Gov. Wolf to Highlight Pennsylvania’s Opioid Response to New Governors at National Summit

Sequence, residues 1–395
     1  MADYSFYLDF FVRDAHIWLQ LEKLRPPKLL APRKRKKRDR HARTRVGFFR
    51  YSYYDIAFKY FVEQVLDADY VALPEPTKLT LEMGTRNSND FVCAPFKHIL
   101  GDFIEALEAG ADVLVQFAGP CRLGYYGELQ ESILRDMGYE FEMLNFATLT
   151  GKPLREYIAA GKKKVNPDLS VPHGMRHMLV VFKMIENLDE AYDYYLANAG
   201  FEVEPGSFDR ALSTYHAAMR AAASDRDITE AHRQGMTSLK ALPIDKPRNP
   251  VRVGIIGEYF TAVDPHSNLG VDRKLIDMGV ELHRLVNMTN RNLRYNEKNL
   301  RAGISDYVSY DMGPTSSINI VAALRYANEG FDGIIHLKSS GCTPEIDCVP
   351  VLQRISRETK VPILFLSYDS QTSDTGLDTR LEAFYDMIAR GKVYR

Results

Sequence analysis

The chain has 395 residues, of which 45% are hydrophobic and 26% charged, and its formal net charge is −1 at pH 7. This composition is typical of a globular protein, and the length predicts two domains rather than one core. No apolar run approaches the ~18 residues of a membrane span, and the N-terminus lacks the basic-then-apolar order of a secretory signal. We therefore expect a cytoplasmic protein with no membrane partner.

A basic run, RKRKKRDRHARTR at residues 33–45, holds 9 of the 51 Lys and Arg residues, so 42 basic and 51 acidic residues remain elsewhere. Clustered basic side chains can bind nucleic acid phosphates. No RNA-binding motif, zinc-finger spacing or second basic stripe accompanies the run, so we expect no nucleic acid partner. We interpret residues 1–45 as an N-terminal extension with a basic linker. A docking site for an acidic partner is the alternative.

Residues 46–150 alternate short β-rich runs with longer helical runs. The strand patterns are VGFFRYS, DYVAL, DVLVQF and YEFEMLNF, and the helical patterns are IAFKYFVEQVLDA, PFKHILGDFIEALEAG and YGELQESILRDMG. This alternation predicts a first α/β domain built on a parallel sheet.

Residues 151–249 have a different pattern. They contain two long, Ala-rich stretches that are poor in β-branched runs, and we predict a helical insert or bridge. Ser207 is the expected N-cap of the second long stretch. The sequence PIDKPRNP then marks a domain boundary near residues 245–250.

first_img SHARE Email Facebook Twitter April 05, 2019 Gov. Wolf to Highlight Pennsylvania’s Opioid Response to New Governors at National Summitcenter_img National Issues,  Press Release,  Substance Use Disorder Harrisburg, PA – Governor Tom Wolf will be a featured participant at the National Governors Association’s (NGA) Opioid Summit for New Administrations, Monday in Washington, D.C., presenting Pennsylvania’s efforts to address the opioid crisis in a 45-minute question-and-answer session with NGA CEO Scott Pattison. Pennsylvania’s response has been hailed as a national model by the American Medical Association.“I’m really pleased to be able to take the initiatives, successes and lessons learned in Pennsylvania to my fellow governors at the NGA Opioid Summit,” Gov. Wolf said. “While there is still a lot of work to do, Pennsylvania is beginning to see positive results of the efforts of state agencies and organizations working together on fighting the opioid crisis at every level. My hope is that what we are doing in Pennsylvania can be both instructive and inspirational to states struggling with this national health crisis.”Since Gov. Wolf took office, his administration has been fighting the opioid epidemic with a multi-pronged approach, focused on multiple initiatives. Here’s what Gov. Wolf has done:• Expanded Medicaid in 2015 so now more than 125,000 Pennsylvania Medicaid recipients are receiving treatment for substance use disorder.• Signed a statewide disaster declaration to enhance state response, increase access to treatment and save lives. The Opioid Operational Command Center is the hub of activity for coordinating the fight against this health crisis.• Implemented 45 Centers of Excellence to provide whole-person-centered care for people suffering from substance use disorder. To date, more than 11,000 people are receiving care in their communities thanks to the Centers of Excellence.• Expanded the state’s Prescription Drug Monitoring Program to practically eliminate doctor-shopping for opioids and reduce the number of prescriptions written for these medications.• Equipped first responders with live-saving naloxone to reverse overdoses. To date emergency medical service providers have administered 18,560 doses of naloxone, leaving behind 657 doses.• Added non-fatal overdoses and neonatal abstinence syndrome (NAS) as reportable conditions. So far, hospitals and birthing centers have reported 2,359 cases of neonatal abstinence syndrome in newborns so that state efforts can focus on the epidemic’s youngest sufferers.• More than 1,500 birth certificate fees have been waived for patients to get into treatment.• More than 5,000 people have been connected to treatment after an overdose via the warm handoff program.• The 24/7 Get Help Now hotline has received more than 40,000 calls looking for information or to connect someone with a local treatment provider. Of those callers, 45 percent have been directly connected to treatment.• More than 269 tons of drugs were collected and destroyed by law enforcement from the more than 800 drug take-back boxes across the commonwealth.• Awarded $15 million in housing grants to help individuals overcome barriers to treatment and recovery.Gov. Wolf will detail these and other efforts the state has planned and under way to continue to battle this crisis.The NGA Opioid Summit is a two-day meeting in Washington, D.C. that will bring together health and public safety leaders from 33 states and territories to discuss best practices and learn from other state and national experts.The summit is designed to support states that are pursuing a coordinated and effective response to the opioid epidemic. Discussions will focus on best practices for prevention, treatment and recovery, as well as funding and governance structures to support state efforts.last_img read more